On-screen, he played the fall guy, the idiot who loves the beauty and can’t see that she wouldn’t go for him in a thousand years, the funny uncle, the poor relation, the village idiot, the servant, the incompetent crook, none of them the type of part that ever rates a love scene. Women kicked him, slapped him, teased him, laughed at him, but never, on celluloid, looked at him or sang to him or danced around him with cinematic love in their eyes. Off-screen, he lived alone in two empty rooms near the studios and tried to imagine what women looked like without clothes on. To get his mind off the subject of love and desire, he studied, becoming an omnivorous autodidact, devouring the metamorphic myths of Greece and Rome, the avatars of Jupiter, the boy who became a flower, the spider-woman, Circe, everything; and the theosophy of Annie Besant, and unified field theory, and the incident of the Satanic verses in the early career of the Prophet, and the politics of Muhammad’s harem after his return to Mecca in triumph; and the surrealism of the newspapers, in which butterflies could fly into young girls’ mouths, asking to be consumed, and children were born with no faces, and young boys dreamed in impossible detail of earlier incarnations, for instance in a golden fortress filled with precious stones. He filled himself up with God knows what, but he could not deny, in the small hours of his insomniac nights, that he was full of something that had never been used, that he did not know how to begin to use, that is, love. In his dreams he was tormented by women of unbearable sweetness and beauty, so he preferred to stay awake and force himself to rehearse some part of his general knowledge in order to blot out the tragic feeling of being endowed with a larger-than-usual capacity for love, without a single person on earth to offer it to.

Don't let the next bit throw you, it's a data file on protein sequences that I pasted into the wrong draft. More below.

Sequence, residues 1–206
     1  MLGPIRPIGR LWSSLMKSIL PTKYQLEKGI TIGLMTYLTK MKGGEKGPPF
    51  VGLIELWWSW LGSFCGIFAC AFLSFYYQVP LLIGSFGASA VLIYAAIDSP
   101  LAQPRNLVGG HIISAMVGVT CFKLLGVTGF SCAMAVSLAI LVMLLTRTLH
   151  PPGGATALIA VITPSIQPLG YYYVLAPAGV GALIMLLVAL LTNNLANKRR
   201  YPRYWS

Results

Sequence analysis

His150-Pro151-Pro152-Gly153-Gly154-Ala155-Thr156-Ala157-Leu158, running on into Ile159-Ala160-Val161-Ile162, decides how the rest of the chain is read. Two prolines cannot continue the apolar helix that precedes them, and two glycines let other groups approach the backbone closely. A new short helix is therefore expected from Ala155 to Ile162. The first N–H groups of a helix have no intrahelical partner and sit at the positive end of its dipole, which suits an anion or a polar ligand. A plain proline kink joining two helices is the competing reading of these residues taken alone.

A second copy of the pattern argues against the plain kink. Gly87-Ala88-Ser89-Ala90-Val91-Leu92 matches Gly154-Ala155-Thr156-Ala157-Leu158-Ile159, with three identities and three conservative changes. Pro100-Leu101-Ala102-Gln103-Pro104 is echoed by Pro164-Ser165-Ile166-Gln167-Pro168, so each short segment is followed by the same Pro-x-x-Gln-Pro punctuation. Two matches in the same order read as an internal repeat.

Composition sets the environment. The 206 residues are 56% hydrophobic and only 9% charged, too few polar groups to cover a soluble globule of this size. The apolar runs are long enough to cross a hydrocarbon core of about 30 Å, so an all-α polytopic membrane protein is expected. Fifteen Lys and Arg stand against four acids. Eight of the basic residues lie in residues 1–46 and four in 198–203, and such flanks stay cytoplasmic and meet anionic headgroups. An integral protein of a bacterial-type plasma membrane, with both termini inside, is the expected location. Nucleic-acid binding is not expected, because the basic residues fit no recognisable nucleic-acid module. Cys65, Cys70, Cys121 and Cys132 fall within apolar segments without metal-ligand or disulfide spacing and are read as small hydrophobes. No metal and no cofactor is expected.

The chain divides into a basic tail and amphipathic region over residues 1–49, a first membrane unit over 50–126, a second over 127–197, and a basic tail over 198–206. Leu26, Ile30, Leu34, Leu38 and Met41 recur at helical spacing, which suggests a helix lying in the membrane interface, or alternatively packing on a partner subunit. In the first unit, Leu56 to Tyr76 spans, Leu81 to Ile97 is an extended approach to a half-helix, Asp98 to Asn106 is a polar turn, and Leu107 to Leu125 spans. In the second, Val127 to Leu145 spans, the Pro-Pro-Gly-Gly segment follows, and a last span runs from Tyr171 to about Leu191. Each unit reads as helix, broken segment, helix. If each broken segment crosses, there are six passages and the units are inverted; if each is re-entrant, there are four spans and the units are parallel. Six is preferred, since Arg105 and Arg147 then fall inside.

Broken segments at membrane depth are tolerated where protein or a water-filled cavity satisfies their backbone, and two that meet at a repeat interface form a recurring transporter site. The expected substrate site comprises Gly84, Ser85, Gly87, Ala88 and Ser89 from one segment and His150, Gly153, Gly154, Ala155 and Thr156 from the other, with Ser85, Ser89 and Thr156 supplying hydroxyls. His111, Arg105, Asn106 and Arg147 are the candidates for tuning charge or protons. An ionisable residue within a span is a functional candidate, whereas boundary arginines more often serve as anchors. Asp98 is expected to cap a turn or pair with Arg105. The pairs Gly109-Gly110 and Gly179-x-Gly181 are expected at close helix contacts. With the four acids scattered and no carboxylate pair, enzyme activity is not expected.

His big break arrived with the coming of the theological movies. Once the formula of making films based on the puranas, and adding the usual mixture of songs, dances, funny uncles etc., had paid off, every god in the pantheon got his or her chance to be a star. When D. W. Rama scheduled a production based on the story of Ganesh, none of the leading box-office names of the time were willing to spend an entire movie concealed inside an elephant’s head. Gibreel jumped at the chance. That was his first hit, Ganpati Baba , and suddenly he was a superstar, but only with the trunk and ears on. After six movies playing the elephant-headed god he was permitted to remove the thick, pendulous, grey mask and put on, instead, a long, hairy tail, in order to play Hanuman the monkey king in a sequence of adventure movies that owed more to a certain cheap television series emanating from Hong Kong than it did to the Ramayana. This series proved so popular that monkey-tails became de rigueur for the city’s young bucks at the kind of parties frequented by convent girls known as ‘firecrackers’ because of their readiness to go off with a bang.